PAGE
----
Sting's Rainforest Charity Rated One Of New York's City's Worst
Could Sting’s evil Captain Planet character be coming to life?
On the Eve of the Rainforest Foundation’s Annual Benefit (something for which the Empire State Building will be lit green for), new information regarding the “giving” side of Sting’s organization has us less than stoked.
According to the New York Post, the Rainforest Foundation has been rated one of the worst charities in New York City. The slap comes from Charity Navigator, a watchdog that rates 5,000 charities nationally based on management and fund-raising-to-giving ratios. Sting’s org has been given a “0” the last four years because they’ve doled out less than half — 41% — of their donations to tree initiatives. From the article,
“The 2006 concert – which drew Lenny Kravitz, Sheryl Crow and Will Ferrell to the landmark stage – raised $2,156,989, according to the latest available IRS tax filing. Yet only $887,374 of the money raised, 41 percent, was divided among the charity’s eight programs that support native-land claims and forest preservation in Latin America and Africa – a paltry percentage, according to agencies that monitor nonprofits.
A well-run charity, they said, typically spends 75 percent of revenues on programs. ‘This one would fall to the bottom of the bucket,’ said Sandra Miniutti, a spokeswoman for Charity Navigator.”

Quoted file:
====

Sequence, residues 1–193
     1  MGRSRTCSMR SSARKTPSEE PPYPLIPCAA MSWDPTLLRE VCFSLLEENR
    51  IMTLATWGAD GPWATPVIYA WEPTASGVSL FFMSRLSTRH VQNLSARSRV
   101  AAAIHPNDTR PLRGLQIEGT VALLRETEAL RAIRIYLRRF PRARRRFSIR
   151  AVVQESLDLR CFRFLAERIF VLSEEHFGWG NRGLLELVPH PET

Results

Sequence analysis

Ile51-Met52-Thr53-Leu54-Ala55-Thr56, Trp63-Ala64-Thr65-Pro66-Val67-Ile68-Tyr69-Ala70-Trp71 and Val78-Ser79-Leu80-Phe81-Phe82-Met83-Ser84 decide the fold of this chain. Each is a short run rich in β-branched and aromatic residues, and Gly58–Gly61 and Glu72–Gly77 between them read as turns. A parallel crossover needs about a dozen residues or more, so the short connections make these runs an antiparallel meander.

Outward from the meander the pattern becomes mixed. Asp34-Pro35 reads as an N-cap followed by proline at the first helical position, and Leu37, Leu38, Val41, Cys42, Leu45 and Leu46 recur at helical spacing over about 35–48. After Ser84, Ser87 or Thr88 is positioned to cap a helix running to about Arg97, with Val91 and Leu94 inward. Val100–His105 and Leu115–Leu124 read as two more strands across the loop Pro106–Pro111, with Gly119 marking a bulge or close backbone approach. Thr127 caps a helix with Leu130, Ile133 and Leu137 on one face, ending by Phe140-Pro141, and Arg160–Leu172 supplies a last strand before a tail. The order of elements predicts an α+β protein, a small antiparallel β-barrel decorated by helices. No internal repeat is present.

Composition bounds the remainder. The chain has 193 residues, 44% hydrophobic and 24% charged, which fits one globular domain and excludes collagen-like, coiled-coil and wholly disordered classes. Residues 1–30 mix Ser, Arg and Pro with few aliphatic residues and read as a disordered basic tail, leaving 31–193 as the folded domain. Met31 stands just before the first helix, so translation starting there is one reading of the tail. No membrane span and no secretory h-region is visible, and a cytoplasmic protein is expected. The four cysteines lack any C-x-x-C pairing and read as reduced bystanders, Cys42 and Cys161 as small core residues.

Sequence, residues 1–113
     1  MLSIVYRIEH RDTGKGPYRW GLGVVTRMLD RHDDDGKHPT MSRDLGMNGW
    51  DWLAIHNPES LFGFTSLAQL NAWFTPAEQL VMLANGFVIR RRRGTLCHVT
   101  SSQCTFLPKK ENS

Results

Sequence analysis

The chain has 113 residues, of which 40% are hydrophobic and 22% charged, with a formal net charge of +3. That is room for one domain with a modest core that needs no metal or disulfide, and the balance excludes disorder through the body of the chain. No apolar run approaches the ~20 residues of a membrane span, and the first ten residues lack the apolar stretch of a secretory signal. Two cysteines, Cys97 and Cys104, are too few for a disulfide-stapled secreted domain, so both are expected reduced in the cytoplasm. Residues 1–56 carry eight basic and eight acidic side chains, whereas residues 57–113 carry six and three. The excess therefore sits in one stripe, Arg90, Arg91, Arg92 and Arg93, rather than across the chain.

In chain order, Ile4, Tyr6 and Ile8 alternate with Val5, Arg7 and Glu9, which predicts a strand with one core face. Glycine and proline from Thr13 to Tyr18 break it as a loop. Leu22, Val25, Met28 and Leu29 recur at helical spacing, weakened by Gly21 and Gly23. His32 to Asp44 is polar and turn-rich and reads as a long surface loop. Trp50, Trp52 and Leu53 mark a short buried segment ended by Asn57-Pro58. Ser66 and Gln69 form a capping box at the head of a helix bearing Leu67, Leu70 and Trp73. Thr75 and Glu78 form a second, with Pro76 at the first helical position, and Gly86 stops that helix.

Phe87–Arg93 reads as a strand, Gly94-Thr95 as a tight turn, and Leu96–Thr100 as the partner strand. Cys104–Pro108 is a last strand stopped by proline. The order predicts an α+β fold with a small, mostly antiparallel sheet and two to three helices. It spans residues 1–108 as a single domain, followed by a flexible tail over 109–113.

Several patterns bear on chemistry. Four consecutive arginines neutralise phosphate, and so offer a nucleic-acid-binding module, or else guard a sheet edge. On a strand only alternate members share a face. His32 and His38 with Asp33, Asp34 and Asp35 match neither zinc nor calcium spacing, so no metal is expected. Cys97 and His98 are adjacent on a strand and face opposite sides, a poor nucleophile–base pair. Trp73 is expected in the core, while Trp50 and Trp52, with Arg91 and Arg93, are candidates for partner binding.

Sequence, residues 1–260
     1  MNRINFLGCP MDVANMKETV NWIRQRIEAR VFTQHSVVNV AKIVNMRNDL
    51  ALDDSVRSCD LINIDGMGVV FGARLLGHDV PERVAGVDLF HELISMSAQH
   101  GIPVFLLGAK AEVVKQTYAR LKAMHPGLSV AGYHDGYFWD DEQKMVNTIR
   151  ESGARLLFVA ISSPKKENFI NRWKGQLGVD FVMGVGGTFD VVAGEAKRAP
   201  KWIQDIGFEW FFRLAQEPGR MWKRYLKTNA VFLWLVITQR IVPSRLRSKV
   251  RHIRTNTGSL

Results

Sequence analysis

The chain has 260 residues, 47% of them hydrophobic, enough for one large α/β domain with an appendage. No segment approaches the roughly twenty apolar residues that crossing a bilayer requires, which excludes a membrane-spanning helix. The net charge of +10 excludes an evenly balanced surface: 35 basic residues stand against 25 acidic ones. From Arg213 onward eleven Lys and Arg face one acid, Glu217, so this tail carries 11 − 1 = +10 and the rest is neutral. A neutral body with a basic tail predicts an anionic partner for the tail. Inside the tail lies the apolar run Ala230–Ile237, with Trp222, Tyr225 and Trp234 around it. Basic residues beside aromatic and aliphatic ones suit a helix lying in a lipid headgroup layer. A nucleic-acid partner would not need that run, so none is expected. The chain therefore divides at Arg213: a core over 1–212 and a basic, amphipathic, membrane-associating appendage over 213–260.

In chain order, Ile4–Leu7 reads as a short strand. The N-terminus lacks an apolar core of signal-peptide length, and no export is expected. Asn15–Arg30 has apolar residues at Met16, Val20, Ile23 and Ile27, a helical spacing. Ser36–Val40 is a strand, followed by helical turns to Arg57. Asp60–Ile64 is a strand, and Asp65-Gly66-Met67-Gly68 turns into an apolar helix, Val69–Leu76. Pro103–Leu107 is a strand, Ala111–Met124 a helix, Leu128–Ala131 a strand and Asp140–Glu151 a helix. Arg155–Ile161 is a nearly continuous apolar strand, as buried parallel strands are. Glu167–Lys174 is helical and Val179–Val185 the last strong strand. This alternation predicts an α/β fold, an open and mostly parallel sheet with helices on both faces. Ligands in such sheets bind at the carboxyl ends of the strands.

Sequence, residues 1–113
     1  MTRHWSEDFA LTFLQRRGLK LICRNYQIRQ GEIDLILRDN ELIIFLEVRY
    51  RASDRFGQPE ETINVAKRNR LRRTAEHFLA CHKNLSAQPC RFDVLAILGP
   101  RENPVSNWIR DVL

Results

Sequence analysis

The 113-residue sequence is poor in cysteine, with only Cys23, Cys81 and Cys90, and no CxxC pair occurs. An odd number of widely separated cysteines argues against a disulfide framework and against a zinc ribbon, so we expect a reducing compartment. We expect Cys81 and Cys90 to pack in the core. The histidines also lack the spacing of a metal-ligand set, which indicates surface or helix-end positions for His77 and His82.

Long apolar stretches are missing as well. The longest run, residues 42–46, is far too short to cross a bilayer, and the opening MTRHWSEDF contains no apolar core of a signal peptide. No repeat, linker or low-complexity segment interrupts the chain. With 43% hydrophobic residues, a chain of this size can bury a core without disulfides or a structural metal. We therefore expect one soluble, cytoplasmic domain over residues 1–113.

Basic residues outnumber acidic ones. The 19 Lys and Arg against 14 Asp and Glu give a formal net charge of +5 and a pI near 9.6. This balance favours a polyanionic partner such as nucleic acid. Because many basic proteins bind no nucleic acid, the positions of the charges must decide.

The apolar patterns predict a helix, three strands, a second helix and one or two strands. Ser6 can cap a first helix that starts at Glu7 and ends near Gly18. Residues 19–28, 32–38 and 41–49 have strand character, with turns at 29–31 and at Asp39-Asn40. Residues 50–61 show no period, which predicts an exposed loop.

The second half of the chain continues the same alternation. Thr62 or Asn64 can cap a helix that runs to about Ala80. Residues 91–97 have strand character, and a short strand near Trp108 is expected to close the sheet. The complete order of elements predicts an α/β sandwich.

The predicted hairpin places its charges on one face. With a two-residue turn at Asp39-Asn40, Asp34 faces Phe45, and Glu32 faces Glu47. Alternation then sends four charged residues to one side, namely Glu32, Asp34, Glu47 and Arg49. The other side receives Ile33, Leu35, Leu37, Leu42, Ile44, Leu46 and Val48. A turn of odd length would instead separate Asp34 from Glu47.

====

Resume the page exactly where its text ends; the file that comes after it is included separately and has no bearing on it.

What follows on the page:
For reasons not explained, the charity is also hoarding their money — with $10 million in assets (including $5 million in cash) reported to the IRS.
As stated on the foundation’s website, over 93,000 acres of rainforest are lost each day. Money is desperately needed to secure vast tracts of undisturbed, ancient trees and habitat. So, we just have one, small question for the organization:
“WHAT THE F**K ARE YOU WAITING FOR?”
[UPDATE] Trudi Styler has responded to the criticism saying, “The Rainforest Foundation is celebrating its 20th year. We wouldn’t still be in business or have given out millions of dollars over the years if we’d spent everything we made immediately after it came in.” However, Bennett Weiner, the director of the Better Business Bureau’s Wise Giving Alliance, still thinks the hoarding is excessive. “What are they doing with the money?,” he said. “They have more than five times what they would normally spend in a year in reserves.”